Creolization has been referred to as the process of syncretization of African, European, and indigenous cultures that has taken place in the Americas, and particularly the Caribbean basin since 1492. In this essay, I will examine creolization through three words: plantation, rhythm, and performance. I don't mean these remarks to be taken as objective; they come simply out of my desire to see myself as a person with a Caribbean identity, as I understand it.Using these three words in discourse concerning the Caribbean is hardly new. People have been writing uninterruptedly on them,...
Creolization has been referred to as the process of syncretization of African, European, and indigenous cultures that has taken place in the Americas, and particularly the Caribbean basin since 1492. In this essay, I will examine creolization through three words: plantation, rhythm, and performance. I don't mean these remarks to be taken as objective; they come simply out of my desire to see myself as a person with a Caribbean identity, as I understand it.Using these three words in discourse concerning the Caribbean is hardly new. People have been writing uninterruptedly on them, from inside and outside the area, since the sixteenth century. In his critique of the plantation—as a macrosystem that functions in the world—Fray Bartolomé de Las Casas said, around 1520:As the [Hispaniola's] sugar mills grew every day, so grew the need to put Negroes to work in them. [The Portuguese,] seeing that we have such a need and that we pay well for them, go out every day to capture them, through any vile iniquitous means that they can capture them with. … As they themselves see that they are looked for and desired, they make unjust wars upon each other, and in other illicit ways they steal one another to be sold to the Portuguese, so that we ourselves are the cause of the sins that one and another commits, as well as those that we ourselves commit in buying them. … Formerly when there were no sugar mills … we had never seen a Negro dead from disease … but after they were put into the sugar mills … they found their death and their sickness … and for that reason bands of them run away whenever they can, and they rise up and inflict death and cruelty upon the Spaniards, in order to get out of their captivity.Concerning Creole rhythms and performances, we must remember that in 1573, the town government of Havana ordered that songs and dances of all free Negroes should be incorporated into the festivals of Corpus Christi. These Creole manifestations, an interplay of European and African elements, reached Spain in the third quarter of the sixteenth century—particularly the so-called zarabanda—and were commented on by Cervantes, Lope de Vega, Quevedo, and other writers. Their popularity was so great in Spain that the Inquisition censured them more than once for being indecent.Thus, the plantation system, as well as the Creole rhythms and performances, had already provoked important comment in the distant past. Also, the use of the word criollo (Creole), as both noun and adjective, dates from this period.Of course the plantation is not the same thing to me that it was to Las Casas. For him it was a problem of his present time; it was a machine with no past in the New World that generated violence and sin in Hispaniola, Spain, and Portugal, and the western coast of Africa. Las Casas never imagined that, as he was writing that paragraph, the complex dynamics unleashed by the growing demand for sugar and other plantation products would begin to figure in a new discourse—of which his words were a part—that would refer not just to his century but also to future generations throughout America, Europe, Africa, and Asia. For me, four centuries later, it is the womb of my otherness, of my globality; it is the bifurcated center that exists inside and outside at the same time, near to and distant from all things that I can understand as my own: race, nationality, language, and religion.The plantation, my old and paradoxical homeland, is the machine that Las Casas described, but it is also something more: the hollow center of the minuscule galaxy that gives shape to my identity. There, within, there are no organized history or family trees: its tremendous and prolonged explosion has projected everything outward. There, as child of the plantation, I am a mere fragment or an idea that spins around my own absence, in the way a drop of rain spins around the empty eye of the hurricane that set it going.Then what relation do I find between the plantation and the process of creolization? Naturally, first of all, a relation of cause and effect; without the one we would not have the other. But I also see other relations. None of our cultural manifestations is creolized, but is rather in a state of creolization. Creolization does not transform literature or music or language into a synthesis or into anything that could be taken in essentialist terms, which would lead these expressions into a predictable state of creolization. For me, creolization is a term with which we attempt to explain the unstable states that a Caribbean cultural object presents over time; for me this is not a process—a word that implies forward movement—but a discontinuous series of recurrences, of happenings, whose only law is change. Where does this instability come from? I think that this is the product of the plantation (the big bang of the universe that Caribbean things enclose), whose slow exploding throughout modern history threw out billions and billions of cultural fragments in all directions—fragments of diverse kinds that, in their endless voyage, come together in an instant to form a dance step, a linguistic trope, the line of a poem, and afterward they repel each other to re-form and pull apart once more, and so on.I also think that in the coming together and pulling apart of those fragments many kinds of forces are at work. In my country, Cuba, for example, the arrival of the radio, the victrola, the recording industry, and the cinema contributed to the popularity of the Son, the Rumba, and the conga in the decade of the 1920s. Before then, this kind of music existed only among the Negro population and was not accepted as anything like a national music. But once these rhythms had been internalized by the majority of Cubans, they in turn contributed to the formation of what was known then as Afro-Cuban culture, in whose more prestigious place there appeared the symphonic music of Amadeo Roldán and Alejandro García Caturla, the negrista poetry of Nicolás Guillén, the magic realism of Alejo Carpentier, the essays of Fernando Ortiz and Lydia Cabrera, and the painting of Wifredo Lam. At the same time, something else was happening. In 1916 a group of distinguished Negro veterans of the War with Spain (1895–1898) asked the pope to designate as Cuba's patron saint the Virgen de la Caridad (Virgin of Charity), a dark-skinned virgin. The pope granted this request immediately, perhaps not knowing that to many black Cubans the Virgen de la Caridad was the Oshún of Santería. So, as the so-called black music made its influence known in other cultural forms, Santería legitimized itself along with Catholicism as a national religion, having an influence also on music, painting, dance, theater, literature, and even on language—for example, words of African origin like chévere, ashé, mayombe, bembé, ebbó, ekobio, babalawo, asere, íreme, orisha, and bilongo started being used extensively during those years. If we visit Cuba now, we observe that nobody speaks of Afro-Cuban manifestations: what was once something concerning Negroes before 1920, and then was Afro-Cuban, is now simply Cuban. One might think that all this has happened because Cuban culture has been subject to an accelerated process of Africanization. But that is not the case: the public practice of Afro-Cuban religions was prohibited by the Cuban government until quite recently, and negrista literature and negrista symphonic music stopped being produced many years ago, and the painting of Wifredo Lam is made now for tourists alone. In fact, Cuban culture, like any other culture to be born on the plantation, has for many years had African, European, Asian, and American components, and these components, in a state of creolization, approach or withdraw from one another according to situations that are created by unforeseeable forces. If it is the case that I have taken the example of Cuba here, it is really a situation that is spread throughout the Caribbean. For example, both the First and Second World Wars—unforeseeable events—played a part in the coming to the fore of African components of Caribbean culture. To many, this seemed then to be a new thing, but in fact these components were already there, and will always be there.In short, the only thing we can be completely sure of is that any state of creolization that might present a cultural object at a given time must inevitably refer to the plantation. If I were to employ the jargon of chaos theory here, I would say that the plantation is the strange attractor of all of the possible states of creolization, given that all of them, in their disorder, hide forms of order that look for their guiding model in the black hole of the plantation. So the plantation repeats itself endlessly in the different states of creolization that come out here and there in language and music, dance and literature, food and theater; in sum: the Carnival.Now I will explain what I mean by Caribbean performance and rhythm. In this case I will use examples from works of fiction. Certainly, for this I could refer to paragraphs by Wilson Harris, Alejo Carpentier, Gabriel García Márquez, or Maryse Condé, but I prefer to cite more recent writers. Here is something written by Caryl Phillips, of Saint Kitts, in his novel Crossing the River:A long way from home. … For two hundred and fifty years I have listened. To the haunting voices. Singing: Mercy, Mercy … Listened to voices hoping for Freedom. Democracy. Singing: Baby baby. Where did our love go? Samba. Calypso. Jazz. Sketches of Spain in Harlem … I have listened to the voice that cried: I have a dream that one day on the red hills of Georgia, the sons of former slaves and the sons of former slave-owners will be able to sit down together at the table of brotherhood. I have listened to the sounds of an African Carnival in Trinidad. In Rio. In New Orleans. On the far bank of the river, a drum continues to be beaten. … A guilty father. Always listening. There are no paths in water. No signposts. There is no return. A desperate foolishness. The crops failed. I sold my beloved children. Bought two strong man-boys, and a proud girl. But they arrived on the far bank of the river, loved.How would I define this novel's performance? In the first place, I would say that the praise that English critics gave to Crossing the River was deserved. Second, I would look in these reviews for judgments about its performance, for example: “Its beauty lies in its very ellipses and suppressions. … Phillips has a fine ironic sense of time. Crossing the River is dense with event and ingeniously structured.” Curiously, none of these critics speaks about rhythm, and nevertheless I think that for Phillips rhythm is an important preoccupation. “Where did our love go? Samba. Calypso. Jazz. Sketches of Spain in Harlem …” Phillips says, “I have listened to an African Carnival in Trinidad. In Rio. In New Orleans. On the far bank of the river, a drum continues to be beaten.” Clearly, Phillips, as a son of the plantation, brings his own literature toward the rhythms of Samba, Calypso, and Jazz. And that's not all; the kind of punctuation that he uses to separate his words, along with the number of syllables in his words and the syntax that connects them, give a rhythmic meaning to his narrative discourse. Where does this rhythm come from? From within Phillips. So we might say that the performance of his literary language—what critics see as ellipses and suppressions—is dictated by the writer's interior rhythms. These rhythms might seem African, but in fact they are not entirely so. Africa, as Phillips says, is irrecoverable: “There are no paths in water. No signposts. There is no return.” It is true that the rhythms of the samba and of calypso have their origin in Africa. We know that they belong to Bantu culture, but the sound of the samba is not a totally African one, just as it is not completely European. Then it is Brazilian, but I would say that is so only at first sight. To look for an origin of these rhythmic sounds, encompassing many instruments, the human voice and the rubbing of shoes against the floor (the way it is danced), is to see that this complex polyrhythmic system began to take shape within the plantation.Natalio Galán, a Cuban musicologist, said that within every rhythmic motif there lies a centuries-old mystery. Hidden within the samba, there are the ancient pulsations brought by the African diaspora, the memory of sacred drums and the words of the Griot. There are also the rhythms of the sugar mill's machines, the machete-stroke that cuts the cane, the overseer's lash, and the planter's language, music, and dance; later there came other rhythms, from India, from China, from Java, and finally all these rhythms mixed with each other to form a network of rhythmic flows whose most notable expressions today, among others, are salsa, Latin jazz, and west coast African music. This complex polyrhythmic orchestration, whose interplay was organized on the plantation and now lies within the memory of the people of the Caribbean, dictates Phillips's performance. Crossing the River, the way it is written, the way it sounds—“on the far bank of the river, a drum continues to be beaten”—is a novel in a state of creolization.Another recent novel, also eulogized by the critics, is The Longest Memory (1994) by Fred D'Aguiar of Guyana:You do not want to know my past nor do you want to know my name for the simple reason that I have none and would have to make it up to please you. … I just was boy, mule, nigger, slave or whatever else anyone chose to call me.Here, the plantation's void reproduces itself. Of course the slave in the novel has a name, he is called Whitechapel, his master's name. But is this his real name? If one looks closely, there is no Caribbean person who wants to be Caribbean who carries his own true name, just as his skin does not pertain to any fixed race. The novels of Phillips and D'Aguiar, like others I will mention, are written in English. But none of them are totally English: they are Caribbean, and they are so because of their performance: structure, theme, character, conflict, technique, language, and poetics.Concerning the performance of The Longest Memory, its chapters differ stylistically from one another: the first is a monologue spoken by a slave who has betrayed his son; the second a planter's monologue; the third, an overseer's diary; the fourth, the words of a slave woman; the fifth, a poem; the sixth, a dialogue among planters; the seventh, the words of a white woman who teaches a slave to read; the eleventh an editorial in a Virginia newspaper, and so on. What adjectives did the critics use to describe this brilliant performance? Dense, intense, compact, controversial. No European critic said of The Longest Memory that it was a novel of great rhythmic complexity. Nevertheless, Fred D'Aguiar, in his attempt to describe the plantation, wrote something like a symphony for percussion in which each character interprets a different rhythm; that is, a work of polyrhythmic density that gathers rhythms from the whole world. It is precisely because of this that I believe Caribbean literature to be the most universal of all. The more Caribbean it is—the more complex and artistic its state of creolization—the more readers it will find in the world.Obviously, one cannot say that all Caribbean fiction is of a historic nature. Nevertheless, though its action might take place in the twentieth century, the Caribbean novel always refers back to the plantation through its rhythm and its performance. Let's look at a story entitled “Children of the Sea,” by Edwidge Danticat, a Haitian-American writer:Do you want to know how people go to the bathroom on the boat? Probably the same way they did on those slave ships years ago. They set aside a little corner for that. When I have to pee, I just pull it, lean over the rail, and do it very quickly. When I have to do the other thing, I rip a piece of something, squat down and do it, and throw the waste into the sea. I am always embarrassed by the smell. It is so demeaning having to squat in front of so many people. People turn away, but not always. At times I wonder if there is really land on the other side of the sea. Maybe the sea is endless. Like my love for you.These are the words of a revolutionary student who, to avoid dying at the hands of the Tonton Macoutes, flees to the United States in a little boat. As we see, in his voyage he relives the Middle Passage that connects Africa with America in the plantation's macrosystem. Later, when the boat takes on water, the humiliated passengers are forced to throw all of their belongings into the sea, including the clothes that they are wearing. Finally, they all drown, and their naked bodies keep company with the innumerable children of the sea to have disappeared beneath the waters of the Atlantic. Like the narrative discourse of Crossing the River and The Longest Memory, this story takes place in written fragments: we read the words of the man in the boat and those of his sweetheart in Haiti, who tells a story that is no less painful. Each individual narrative has its own typography and its own rhythm. The créole title of Danticat's book, Krik? Krak!, alludes to the peasant custom of telling stories: the one who wants to hear a story asks Kric? and the narrator agreeing to tell one responds Krac! Naturally, we as sociate the dialogic structure of the story with the book's title—furthermore, the boat's passengers tell stories according to the rules of Kric? Krac! But it is also obvious that, through this double game, Danticat puts herself in contact with the reader. Her literature, granted that it is written in American English, is deliberately connected with the Haitian and créole oral traditions. According to the silly labels that we use in this country, Danticat is a Haitian-American: in fact her identity is in the hyphen, that is, in neither place; Danticat is a Caribbean writer.Now let's take another recent novel, Divina Trace (1992), written by Robert Antoni, of Trinidad.… oy oy oy yo-yuga, yo-yuga da-bamba da-bamba oy benedictus qui venit in nomine Domini oy lumen de lumine de Deum verum de Deo vero oy Marie conçuè sans péché priez pour nous qui avons recours à vous Sainte Catherine del Carmen purísima hermosa azucena maravilla ayúdame cuídame fortaléceme socorredme favoréceme fuente de bondad de gracia y de misericordia silverfish flying starpetals exploding bursting out sudden silent from below the bow …What kind of language is this? The language of the plantation, including Latin, used in the Mass. A Washington Post review said: “This is magical realism with an avant-garde twist, as if García Márquez and Joyce had themselves engaged in unholy cohabitation.” In other words: the magic realism of the Caribbean and the experiment of the modernist European novel come together here in a chaotic performance. The result is a bifurcated, fractal, gaseous novel whose performance relates back to the big bang of the plantation. There is something more in Divina Trace, something of real genius. On pages 203 and 204 there is nothing written; it is a metal page that performs the function of a mirror. As readers look at themselves in it, they will see a grotesquely disfigured face. This, naturally, is part of the novel's double performance: in the mirror, the Western reader will read a joke or an irony or a mystery, but the Caribbean reader will read any of his or her multiple masks.The novel's plot develops around a monstrous character, half child and half frog, conceived by a mysterious woman named Magdalena, half saint and half whore. As the novel progresses, we see that nobody knows much about this child: “Some called him the jabjab heself,” a character says,son of Manfrog, the folktale devil-sprite who waits on a tree to rape young virgins at dusk. Others saw nothing peculiar in the child a-tall. Some even said the child was beautiful, perfect: that the child was the reflection of the viewer. Some argued the hex of an obeah spell. Others the curse of Magdalena's obsession with swamp Maraval. … Still others … said he was the result of a congenital abnormality which caused him to appear like a frog. … Son, we can resign weselves to only this: there is no logical explanation. We will never know.With these words Robert Antoni pushes the reader to a place that is filled with debate: each reader will project in the mirror not just his or her face but also his or her ideology—every mirror is a text in which the observer reads him or herself. For some the reflected image will be that of the Creole, for others it will be a native of some country in the Caribbean, for others it will be the reflection of his or her own race, genre, class, and so forth. But, clearly, these reflections invested with the political and social ideas of the observer will never be coherent images, but rather distorted ones; they will be images in flux, or rather, images in search of their own images. And so, the mirror of Divina Trace can reflect the faces of many kinds of Caribbean readers, but always, in the end, it will reflect an identity in a state of creolization, a reflection that oscillates between history and myth; that is, a paradoxical mask launched into the distance by the explosion of the plantation.To conclude, the performances of Phillips, D'Aguiar, Danticat, and Antoni represent the trip to the origins of Caribbean-ness, or if you prefer, the voyage of the fragmented Caribbean self in search of its hidden unity. Can this unity be found within the black hole of the plantation? My answer would be yes and no. A performer, through his performance, can resolve the paradox of his identity. But only poetically. As the character in Divina Trace says, for a paradox there is no logical explanation.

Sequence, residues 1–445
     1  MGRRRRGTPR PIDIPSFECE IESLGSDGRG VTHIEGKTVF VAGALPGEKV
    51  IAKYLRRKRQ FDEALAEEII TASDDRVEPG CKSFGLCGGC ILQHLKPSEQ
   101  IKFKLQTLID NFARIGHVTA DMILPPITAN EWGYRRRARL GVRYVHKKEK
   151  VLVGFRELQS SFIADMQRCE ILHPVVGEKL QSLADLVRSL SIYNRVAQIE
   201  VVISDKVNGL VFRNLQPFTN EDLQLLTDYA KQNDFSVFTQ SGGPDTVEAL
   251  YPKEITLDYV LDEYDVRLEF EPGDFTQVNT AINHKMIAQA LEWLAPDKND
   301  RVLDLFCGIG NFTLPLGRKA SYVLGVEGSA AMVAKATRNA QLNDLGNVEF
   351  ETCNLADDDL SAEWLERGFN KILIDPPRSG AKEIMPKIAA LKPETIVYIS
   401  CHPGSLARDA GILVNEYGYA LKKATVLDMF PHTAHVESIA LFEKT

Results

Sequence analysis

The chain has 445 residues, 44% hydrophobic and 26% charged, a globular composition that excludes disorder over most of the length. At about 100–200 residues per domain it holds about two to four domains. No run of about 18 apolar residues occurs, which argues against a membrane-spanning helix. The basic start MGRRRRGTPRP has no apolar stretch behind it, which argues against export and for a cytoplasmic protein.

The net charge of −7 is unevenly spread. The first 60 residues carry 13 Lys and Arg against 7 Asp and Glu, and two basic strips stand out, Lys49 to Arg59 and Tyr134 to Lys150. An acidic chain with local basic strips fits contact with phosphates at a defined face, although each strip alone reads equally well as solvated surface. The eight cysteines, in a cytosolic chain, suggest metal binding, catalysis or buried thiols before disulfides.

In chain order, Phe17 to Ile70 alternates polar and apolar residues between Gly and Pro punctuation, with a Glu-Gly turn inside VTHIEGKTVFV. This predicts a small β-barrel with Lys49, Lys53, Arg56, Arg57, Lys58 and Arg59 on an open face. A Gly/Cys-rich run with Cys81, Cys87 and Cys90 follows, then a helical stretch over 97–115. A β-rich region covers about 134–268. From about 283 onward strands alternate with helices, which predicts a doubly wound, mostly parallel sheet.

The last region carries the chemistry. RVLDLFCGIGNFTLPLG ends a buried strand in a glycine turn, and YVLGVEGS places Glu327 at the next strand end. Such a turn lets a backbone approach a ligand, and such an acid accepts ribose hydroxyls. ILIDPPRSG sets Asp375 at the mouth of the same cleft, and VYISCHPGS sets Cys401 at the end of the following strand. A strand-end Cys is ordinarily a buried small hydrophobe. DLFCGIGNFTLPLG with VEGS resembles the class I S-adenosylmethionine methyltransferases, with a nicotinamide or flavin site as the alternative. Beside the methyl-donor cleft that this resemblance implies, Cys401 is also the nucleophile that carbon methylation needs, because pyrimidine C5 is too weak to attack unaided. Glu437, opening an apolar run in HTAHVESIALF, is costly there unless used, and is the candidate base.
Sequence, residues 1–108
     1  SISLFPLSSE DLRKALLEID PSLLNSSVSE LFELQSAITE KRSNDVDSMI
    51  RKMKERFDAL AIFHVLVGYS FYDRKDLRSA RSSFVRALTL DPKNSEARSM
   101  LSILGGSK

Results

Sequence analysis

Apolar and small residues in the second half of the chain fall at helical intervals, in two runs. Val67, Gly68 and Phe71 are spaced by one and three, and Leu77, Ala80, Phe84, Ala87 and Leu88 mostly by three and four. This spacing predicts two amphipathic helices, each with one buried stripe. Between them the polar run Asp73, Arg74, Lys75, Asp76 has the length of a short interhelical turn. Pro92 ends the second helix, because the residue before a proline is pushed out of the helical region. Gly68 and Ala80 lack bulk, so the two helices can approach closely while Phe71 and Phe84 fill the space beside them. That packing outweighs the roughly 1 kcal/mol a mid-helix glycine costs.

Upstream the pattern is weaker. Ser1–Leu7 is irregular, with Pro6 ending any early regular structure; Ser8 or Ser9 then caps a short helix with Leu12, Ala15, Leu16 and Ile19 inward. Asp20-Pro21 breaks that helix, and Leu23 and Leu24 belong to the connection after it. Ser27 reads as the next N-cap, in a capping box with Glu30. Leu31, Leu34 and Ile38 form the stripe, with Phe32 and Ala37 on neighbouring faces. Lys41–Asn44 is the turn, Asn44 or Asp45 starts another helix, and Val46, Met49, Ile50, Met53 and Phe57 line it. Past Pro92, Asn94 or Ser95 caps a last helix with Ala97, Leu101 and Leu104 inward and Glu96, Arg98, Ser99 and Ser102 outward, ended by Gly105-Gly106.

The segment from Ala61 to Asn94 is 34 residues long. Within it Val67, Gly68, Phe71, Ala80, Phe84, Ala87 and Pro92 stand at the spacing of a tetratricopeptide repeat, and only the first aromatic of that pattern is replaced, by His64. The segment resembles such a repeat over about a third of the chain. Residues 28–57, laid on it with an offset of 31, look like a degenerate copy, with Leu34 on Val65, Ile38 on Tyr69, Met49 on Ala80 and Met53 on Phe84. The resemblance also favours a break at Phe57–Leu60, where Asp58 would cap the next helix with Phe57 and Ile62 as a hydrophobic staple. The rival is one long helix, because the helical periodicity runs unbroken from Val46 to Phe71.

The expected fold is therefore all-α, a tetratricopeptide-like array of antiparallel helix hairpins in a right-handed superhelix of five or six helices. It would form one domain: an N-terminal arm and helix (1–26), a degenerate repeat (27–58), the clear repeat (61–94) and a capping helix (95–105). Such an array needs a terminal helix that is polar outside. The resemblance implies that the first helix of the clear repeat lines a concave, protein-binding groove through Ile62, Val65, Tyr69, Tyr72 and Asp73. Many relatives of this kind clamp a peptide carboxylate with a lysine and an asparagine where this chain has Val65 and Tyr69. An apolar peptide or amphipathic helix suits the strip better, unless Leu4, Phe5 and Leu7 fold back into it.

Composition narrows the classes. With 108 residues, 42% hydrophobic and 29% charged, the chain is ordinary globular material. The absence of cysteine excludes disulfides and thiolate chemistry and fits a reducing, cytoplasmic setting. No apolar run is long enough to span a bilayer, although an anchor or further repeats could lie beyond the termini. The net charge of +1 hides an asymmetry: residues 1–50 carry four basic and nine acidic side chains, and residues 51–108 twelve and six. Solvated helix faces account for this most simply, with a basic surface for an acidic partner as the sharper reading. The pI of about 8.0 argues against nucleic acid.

Reference Entry. 3807 words. Illustrated.